Fears have surfaced, too, that immunity to one strain of HIV might not protect against another. Logically, the simplest vaccine would train an immune system to defeat the strain of virus circulating in a given community. So IAVI and others insist that designers of vaccines, all of which contain modified forms of HIV, rely on subtypes circulating in the region where they intend to test the preparation. The small Uganda trial launched last year, however, did not follow this dictum, testing a vaccine based on subtype B--the most common subtype in the United States and Europe, but rare in Africa. David Serwadda of Kampala's Makerere University says this decision didn't sit well with some Ugandan researchers. They passed these concerns along to their collaborators. "We said, 'You've got a better negotiating position if you put in a [subtype] that matters to us,' " says Serwadda. Although the Ugandans agreed to participate in that small trial, Aventis Pasteur now is customizing an AIDS vaccine from an HIV subtype circulating in Uganda.
Vaccine lead. Agnes Monifa has been repeatedly exposed to HIV but remains uninfected. Researchers are studying why.
NIAID's Johnston, whose institution sponsored the Uganda trial, stresses that scientists still don't know the significance of the different subtypes. "If someone does know," she says, "they have a crystal ball clearer than mine."
The University of Munich's Michael Hoelscher is trying to make the crystal ball a little clearer. He has organized a large, multinational team to study 600 bar workers in Tanzania, where subtypes A, C, and D "cocirculate." Hoelscher says unraveling the success--or failure--of immune responses at stopping a second HIV infection may clarify their relationship to subtypes. "Nobody knows anything about dual infections," says Hoelscher. "It's a totally new field."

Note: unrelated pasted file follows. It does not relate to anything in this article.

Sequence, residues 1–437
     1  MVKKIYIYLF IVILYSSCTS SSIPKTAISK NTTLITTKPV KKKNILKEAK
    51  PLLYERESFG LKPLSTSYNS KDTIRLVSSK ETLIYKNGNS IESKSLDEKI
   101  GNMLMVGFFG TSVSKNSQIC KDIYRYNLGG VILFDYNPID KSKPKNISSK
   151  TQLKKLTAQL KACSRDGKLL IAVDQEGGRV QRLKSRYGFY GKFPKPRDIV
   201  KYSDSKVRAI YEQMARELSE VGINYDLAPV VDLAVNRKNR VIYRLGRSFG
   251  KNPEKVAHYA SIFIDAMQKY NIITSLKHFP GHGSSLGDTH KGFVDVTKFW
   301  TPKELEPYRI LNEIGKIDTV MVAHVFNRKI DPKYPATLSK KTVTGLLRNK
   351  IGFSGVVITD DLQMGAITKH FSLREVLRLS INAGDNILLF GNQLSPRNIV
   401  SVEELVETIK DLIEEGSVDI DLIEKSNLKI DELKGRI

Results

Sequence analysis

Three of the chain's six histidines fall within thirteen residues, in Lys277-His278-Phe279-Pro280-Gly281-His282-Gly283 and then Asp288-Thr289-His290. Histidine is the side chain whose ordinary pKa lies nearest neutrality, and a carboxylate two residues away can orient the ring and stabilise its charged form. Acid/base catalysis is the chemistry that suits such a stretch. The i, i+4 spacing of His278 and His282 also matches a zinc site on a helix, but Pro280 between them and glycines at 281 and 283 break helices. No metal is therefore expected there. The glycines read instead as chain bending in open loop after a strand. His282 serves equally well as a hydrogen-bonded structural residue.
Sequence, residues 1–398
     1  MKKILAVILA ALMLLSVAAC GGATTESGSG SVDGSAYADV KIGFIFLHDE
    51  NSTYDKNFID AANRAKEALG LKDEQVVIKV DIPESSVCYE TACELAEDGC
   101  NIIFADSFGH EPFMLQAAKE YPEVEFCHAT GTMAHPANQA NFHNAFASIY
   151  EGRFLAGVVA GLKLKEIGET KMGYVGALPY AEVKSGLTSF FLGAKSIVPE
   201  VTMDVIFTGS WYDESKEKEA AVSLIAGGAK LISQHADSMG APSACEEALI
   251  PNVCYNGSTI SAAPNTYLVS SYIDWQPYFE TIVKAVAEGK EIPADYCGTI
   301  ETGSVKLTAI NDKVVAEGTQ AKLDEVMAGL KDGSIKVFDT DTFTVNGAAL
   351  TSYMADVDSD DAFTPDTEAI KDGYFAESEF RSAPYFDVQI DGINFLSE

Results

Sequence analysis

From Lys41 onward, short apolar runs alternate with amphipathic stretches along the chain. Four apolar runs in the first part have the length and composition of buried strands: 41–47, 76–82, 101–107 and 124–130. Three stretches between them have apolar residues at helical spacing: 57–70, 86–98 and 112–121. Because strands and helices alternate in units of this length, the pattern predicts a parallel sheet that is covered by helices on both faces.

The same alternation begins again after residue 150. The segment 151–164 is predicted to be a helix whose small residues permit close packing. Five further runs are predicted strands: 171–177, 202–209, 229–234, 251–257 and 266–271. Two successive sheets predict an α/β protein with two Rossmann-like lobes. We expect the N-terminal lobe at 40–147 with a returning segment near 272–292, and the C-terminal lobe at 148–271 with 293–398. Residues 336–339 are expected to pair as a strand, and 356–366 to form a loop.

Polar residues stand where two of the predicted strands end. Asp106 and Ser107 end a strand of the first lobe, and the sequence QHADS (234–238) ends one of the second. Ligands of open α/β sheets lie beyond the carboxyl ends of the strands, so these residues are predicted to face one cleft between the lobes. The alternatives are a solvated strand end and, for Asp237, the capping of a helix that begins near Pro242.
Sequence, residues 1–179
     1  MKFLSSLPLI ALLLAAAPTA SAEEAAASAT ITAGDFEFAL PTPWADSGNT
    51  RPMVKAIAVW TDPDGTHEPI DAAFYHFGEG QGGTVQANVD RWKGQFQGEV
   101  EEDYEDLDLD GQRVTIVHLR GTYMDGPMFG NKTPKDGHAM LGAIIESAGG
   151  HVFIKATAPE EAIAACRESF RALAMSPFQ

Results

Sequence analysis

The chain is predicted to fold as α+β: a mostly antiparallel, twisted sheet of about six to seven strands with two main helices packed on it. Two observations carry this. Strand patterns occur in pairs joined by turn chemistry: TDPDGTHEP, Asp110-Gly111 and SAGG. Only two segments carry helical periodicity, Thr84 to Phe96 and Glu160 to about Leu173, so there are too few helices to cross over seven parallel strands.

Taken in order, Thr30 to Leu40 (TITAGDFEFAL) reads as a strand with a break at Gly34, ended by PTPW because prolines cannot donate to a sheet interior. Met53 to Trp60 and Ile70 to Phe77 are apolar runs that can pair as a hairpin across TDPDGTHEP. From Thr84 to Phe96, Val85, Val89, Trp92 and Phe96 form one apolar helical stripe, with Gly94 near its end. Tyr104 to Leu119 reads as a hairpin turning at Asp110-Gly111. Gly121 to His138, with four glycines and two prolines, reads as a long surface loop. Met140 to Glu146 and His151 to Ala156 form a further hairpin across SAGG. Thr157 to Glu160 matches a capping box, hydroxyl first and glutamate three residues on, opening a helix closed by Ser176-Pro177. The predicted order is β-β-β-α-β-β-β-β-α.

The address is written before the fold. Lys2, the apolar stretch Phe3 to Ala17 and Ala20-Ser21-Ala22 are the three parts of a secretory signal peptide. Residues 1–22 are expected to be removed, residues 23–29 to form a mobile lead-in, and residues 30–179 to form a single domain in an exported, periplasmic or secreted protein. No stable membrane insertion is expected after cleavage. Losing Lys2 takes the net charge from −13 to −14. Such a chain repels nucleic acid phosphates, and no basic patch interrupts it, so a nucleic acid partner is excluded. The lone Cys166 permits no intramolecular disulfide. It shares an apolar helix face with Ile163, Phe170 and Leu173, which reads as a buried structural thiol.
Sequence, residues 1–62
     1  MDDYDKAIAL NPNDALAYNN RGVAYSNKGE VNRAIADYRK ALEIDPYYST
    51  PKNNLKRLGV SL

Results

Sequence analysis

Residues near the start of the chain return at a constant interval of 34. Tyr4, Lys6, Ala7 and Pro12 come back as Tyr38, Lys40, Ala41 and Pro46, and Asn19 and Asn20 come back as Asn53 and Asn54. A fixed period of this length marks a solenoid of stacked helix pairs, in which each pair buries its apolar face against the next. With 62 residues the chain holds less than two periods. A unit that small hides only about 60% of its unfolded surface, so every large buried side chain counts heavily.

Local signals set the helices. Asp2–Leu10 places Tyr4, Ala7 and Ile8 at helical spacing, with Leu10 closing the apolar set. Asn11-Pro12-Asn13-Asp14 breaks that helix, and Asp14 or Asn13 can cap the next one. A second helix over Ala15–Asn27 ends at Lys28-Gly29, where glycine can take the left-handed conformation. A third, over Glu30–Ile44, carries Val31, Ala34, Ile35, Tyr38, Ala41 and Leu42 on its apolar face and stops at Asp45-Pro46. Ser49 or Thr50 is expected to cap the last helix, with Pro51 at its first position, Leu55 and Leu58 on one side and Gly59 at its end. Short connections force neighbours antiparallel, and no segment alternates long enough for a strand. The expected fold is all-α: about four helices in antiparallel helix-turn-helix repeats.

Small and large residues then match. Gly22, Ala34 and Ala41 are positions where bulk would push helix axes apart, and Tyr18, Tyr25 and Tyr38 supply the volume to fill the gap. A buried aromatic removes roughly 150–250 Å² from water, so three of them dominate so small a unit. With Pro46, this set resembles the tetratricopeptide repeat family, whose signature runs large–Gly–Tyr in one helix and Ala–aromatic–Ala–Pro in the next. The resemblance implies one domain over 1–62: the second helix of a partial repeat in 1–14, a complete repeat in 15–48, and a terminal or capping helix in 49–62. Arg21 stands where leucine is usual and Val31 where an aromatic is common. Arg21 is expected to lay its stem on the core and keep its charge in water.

"We're all praying for it," adds the second sister. "Our children are dying. Our friends are dying. People 18 years old are lying in hospital beds that in the old days we had filled with grannies who had tuberculosis and cardiac failure. The vaccine would be wonderful. [The situation] is very difficult for young people. This is the time when they should be falling in love, and they say, 'Now that we've come to that stage, you want us to do what you did not do.' "
Berkley thanks everyone for coming to meet with him and for helping to organize an AIDS vaccine trial in this remote corner of Earth. "This is not just a problem for KwaZulu-Natal," says Berkley. "This is not just a problem in Hlabisa or South Africa. It's a problem for the world."
* Jon Cohen was accompanied by photographer Malcolm Linton. For a gallery of additional photos and the stories behind them, see www.sciencemag.org/feature/data/aids_africa/gallery.shl.
Volume 288, Number 5474, Issue of 23 Jun 2000, pp. 2165-2167.
Copyright © 2000 by The American Association for the Advancement of Science.